Some agreements provide for territorial limitations for the parties. There is a natural tendency on the part of licensees to want to acquire exclusive licence rights in order to lawfully minimise or eliminate competition.
How long do the parties want the licence to last? Typically, it will extend for the life of the licensed patents. That said, if an exclusive licensee does not experience expected sales of licensed products, and the agreement includes an obligation to pay minimum guaranteed royalties, such a licensee may find itself in a financially untenable position.
Some agreements provide for the right of a licensee to convert an exclusive licence to non-exclusivity, in order to escape from or minimise mandatory payments. This will be a major issue in negotiating the terms of the agreement.
Right to sub-license
Giving a licensee the right to grant sub-licences will permit others to practise the patented invention(s). Licensors will often allow this right so long as they achieve the same remuneration from sub-licensees and the principal licensee remains on the hook.
While the identity of specific patents and patent applications being licensed will be defined, it is essential that the issue of improvements and modifications by either party is addressed in the agreement. One approach may be to have such post-ground (after the licence) developments jointly owned by the licensor and licensee, subject to the licence grant. An advantage to this approach is that each of the parties will in effect have a freedom to operate under any patents that result from these efforts.
Some agreements provide for the right of a licensee to convert an exclusive licence to non-exclusivity, in order to escape from or minimise mandatory payments.
Licensed products or processes
Licensees will not want to pay royalties or other remuneration to a licensor on the sales of products that are not covered by the licensed patents. A licensor’s demand that a licensee does so may run afoul of US competition laws. For this reason, the definition of licensed products should clearly recite that they come within the scope of the issued claims of patents. The same may be recited for patented methods and processes.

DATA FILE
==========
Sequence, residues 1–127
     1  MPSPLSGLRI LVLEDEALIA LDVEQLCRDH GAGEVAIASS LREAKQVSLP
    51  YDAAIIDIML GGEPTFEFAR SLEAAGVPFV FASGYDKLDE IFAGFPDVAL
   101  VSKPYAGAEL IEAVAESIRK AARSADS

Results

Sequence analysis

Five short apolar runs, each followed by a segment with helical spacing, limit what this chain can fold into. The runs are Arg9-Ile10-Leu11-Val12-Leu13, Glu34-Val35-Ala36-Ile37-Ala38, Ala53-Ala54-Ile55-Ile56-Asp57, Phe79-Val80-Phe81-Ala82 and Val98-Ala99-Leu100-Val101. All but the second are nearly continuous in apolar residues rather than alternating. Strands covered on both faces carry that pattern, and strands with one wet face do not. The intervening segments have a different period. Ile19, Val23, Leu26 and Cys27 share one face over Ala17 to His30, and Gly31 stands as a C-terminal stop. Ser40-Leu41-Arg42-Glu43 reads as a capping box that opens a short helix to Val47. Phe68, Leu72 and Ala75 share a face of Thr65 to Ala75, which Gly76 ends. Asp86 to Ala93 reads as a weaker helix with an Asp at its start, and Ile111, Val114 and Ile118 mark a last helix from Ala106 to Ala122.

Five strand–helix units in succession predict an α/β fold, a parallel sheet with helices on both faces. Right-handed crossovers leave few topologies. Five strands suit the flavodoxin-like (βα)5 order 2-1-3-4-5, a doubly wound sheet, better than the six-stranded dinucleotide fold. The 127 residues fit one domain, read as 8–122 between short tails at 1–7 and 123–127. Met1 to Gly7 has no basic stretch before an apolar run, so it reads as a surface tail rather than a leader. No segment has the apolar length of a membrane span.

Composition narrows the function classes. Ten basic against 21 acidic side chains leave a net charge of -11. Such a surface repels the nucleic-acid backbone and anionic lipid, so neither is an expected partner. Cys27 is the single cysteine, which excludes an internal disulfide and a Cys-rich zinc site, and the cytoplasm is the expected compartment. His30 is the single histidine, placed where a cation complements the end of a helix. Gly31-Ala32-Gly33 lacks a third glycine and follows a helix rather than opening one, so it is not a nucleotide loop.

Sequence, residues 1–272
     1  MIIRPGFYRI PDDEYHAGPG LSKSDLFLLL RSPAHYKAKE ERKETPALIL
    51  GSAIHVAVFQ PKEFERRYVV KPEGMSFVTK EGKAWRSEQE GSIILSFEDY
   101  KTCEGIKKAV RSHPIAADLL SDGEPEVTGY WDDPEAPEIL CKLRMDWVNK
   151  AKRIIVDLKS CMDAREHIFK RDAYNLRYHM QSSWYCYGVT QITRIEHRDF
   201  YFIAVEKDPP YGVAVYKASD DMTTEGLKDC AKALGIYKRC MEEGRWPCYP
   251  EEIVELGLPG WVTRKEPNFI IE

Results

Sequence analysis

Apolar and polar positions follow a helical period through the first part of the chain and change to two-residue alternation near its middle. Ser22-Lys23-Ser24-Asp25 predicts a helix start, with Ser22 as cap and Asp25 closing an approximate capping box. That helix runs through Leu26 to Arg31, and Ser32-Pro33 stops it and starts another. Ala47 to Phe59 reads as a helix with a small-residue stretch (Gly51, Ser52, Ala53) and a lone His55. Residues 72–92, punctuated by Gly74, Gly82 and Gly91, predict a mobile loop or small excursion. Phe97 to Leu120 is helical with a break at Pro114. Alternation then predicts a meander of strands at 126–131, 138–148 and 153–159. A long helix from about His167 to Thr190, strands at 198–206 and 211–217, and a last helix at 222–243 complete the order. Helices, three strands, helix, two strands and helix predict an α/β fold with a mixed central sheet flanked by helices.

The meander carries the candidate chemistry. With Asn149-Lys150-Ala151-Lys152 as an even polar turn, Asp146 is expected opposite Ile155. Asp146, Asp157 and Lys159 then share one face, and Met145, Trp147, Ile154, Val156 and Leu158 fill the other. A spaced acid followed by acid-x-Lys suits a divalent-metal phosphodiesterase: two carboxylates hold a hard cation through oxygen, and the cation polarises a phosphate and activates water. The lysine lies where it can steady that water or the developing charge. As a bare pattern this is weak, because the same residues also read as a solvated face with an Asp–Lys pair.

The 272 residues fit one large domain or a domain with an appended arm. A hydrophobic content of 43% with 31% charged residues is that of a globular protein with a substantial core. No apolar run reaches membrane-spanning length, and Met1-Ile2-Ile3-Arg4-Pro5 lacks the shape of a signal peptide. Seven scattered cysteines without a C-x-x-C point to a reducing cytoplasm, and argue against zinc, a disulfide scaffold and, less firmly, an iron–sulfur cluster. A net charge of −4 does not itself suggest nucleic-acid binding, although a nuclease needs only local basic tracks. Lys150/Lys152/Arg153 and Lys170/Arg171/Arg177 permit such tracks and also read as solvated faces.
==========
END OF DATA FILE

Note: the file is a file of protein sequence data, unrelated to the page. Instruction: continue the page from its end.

Net sales price
Great care should be taken by a licensor not to have royalties payable on profits, as opposed to the net sales price of licensed products sold. Accountants can ‘play’ with expenses attributable to sales, thereby raising the potential for unfair deductions used to arrive at profits. By including a definition of net sales price, which should comprise gross revenues minus agreed reasonable deductions, such problems will be avoided. It is also important to a licensee that it does not have to pay royalties on sales for which the licensee has not been paid. For this reason, a definition of ‘sold’ is often included in the agreement.
In licensing agreements where there will be R&D collaboration between the parties, there may be four distinct forms of IP assets: background, foreground, sideground and post-ground IP. Background IP is generated before the R&D collaboration. Foreground IP is generated during the collaboration. Post-ground IP is generated during a period after the collaboration. And sideground IP is generated during the collaboration but in non-project-related activities. An agreement should carefully define the scope of each of these forms of IP to avoid unnecessary adversarial confrontations.
A licensor is entitled to limit the grant of patent rights to a geographical licensed territory. This will permit the licensor to grant rights to parties with marketing strengths within such territories. Provision should be made to prevent multiple licensees from poaching sales within the territorial rights of others.
Under 35 USC 287(a), in the absence of proof of notice of infringement, a patent owner will not be able to recover damages in a patent infringement litigation unless the product is marked with the US patent number. For this reason, a licensor will often ask in an agreement that the licensee marks its products with appropriate patent numbers.
The issues discussed here are just samples of the many considerations that will go into a successful agreement and relationship between the parties. Other issues will include indemnification for infringement of third-party rights, enforcement against infringers, minimum guaranteed remuneration, and more.
Paul J Sutton is a founding partner of IP boutique law firm Sutton Magidoff. As adjunct professor at NYU’s Polytechnic Institute, he teaches the courses of intersections of law; business, engineering and psychology; and IP strategies for engineers and scientists. He can be contacted at: email@example.com
Paul J Sutton, Sutton Magidoff, patent, patent licences, infringement, R&D,